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Am Rev Respir Dis. 1984 Mar;129(3):380-4.

Adenosine-induced bronchoconstriction in asthma. Antagonism by inhaled theophylline.

Abstract

Inhaled adenosine causes bronchoconstriction in asthmatic patients. Antagonism of the bronchoconstrictor effect of endogenous adenosine has been proposed as a possible mechanism of action of theophylline in asthma. To directly investigate this, we have compared the airway responses to inhaled adenosine and histamine, with and without the prior administration of inhaled theophylline in 8 allergic asthmatic subjects. Airway response was measured both as forced expiratory volume in one second (FEV1) and as specific airway conductance (SGaw). Inhaled adenosine was less potent than histamine in producing bronchoconstriction, with geometric mean concentrations required to produce a 20% fall of FEV1 (PCf20) and a 40% fall of SGaw (PCs40) being 0.27 and 0.25 mg/ml for adenosine and 0.10 and 0.09 mg/ml for histamine. In a total nebulized dose of 37.5 mg, inhaled theophylline was a weak bronchodilator that caused maximal increases in FEV1 of 2 +/- 2% (mean +/- SE, p less than 0.05) and in SGaw of 8 +/- 4% (p greater than 0.05). However, theophylline significantly inhibited adenosine-induced bronchoconstriction, increasing the PCf20 and PCs40 values for adenosine to 1.66 (p less than 0.001) and 2.34 (p less than 0.005) mg/ml, respectively. Inhibition of histamine-induced bronchoconstriction was less marked, with PCf20 and PCs40 values of 0.19 (p greater than 0.05) and 0.21 (p less than 0.05) mg/ml. Thus, adenosine is a bronchoconstrictor in asthma whose effects are preferentially antagonized by concentrations of theophylline that cause little change in baseline airway caliber.(ABSTRACT TRUNCATED AT 250 WORDS).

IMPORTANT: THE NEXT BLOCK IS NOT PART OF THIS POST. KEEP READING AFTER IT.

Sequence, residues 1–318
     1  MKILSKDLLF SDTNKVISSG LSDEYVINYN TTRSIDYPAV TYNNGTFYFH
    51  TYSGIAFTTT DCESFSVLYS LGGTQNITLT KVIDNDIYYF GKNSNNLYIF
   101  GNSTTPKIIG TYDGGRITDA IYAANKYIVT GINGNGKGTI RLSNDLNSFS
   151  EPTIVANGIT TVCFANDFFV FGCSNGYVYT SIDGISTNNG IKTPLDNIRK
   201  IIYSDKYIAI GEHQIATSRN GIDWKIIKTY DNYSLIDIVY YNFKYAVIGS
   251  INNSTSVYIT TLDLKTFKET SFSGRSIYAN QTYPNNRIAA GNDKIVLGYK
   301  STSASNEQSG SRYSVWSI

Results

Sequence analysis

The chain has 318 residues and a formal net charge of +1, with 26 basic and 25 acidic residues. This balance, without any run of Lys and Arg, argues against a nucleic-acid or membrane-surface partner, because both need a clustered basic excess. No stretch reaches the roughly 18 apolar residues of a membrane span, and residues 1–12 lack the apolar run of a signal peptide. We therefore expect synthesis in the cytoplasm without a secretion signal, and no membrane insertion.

PMID:
6703496
DOI:
10.1164/arrd.1984.129.3.380
[Indexed for MEDLINE]

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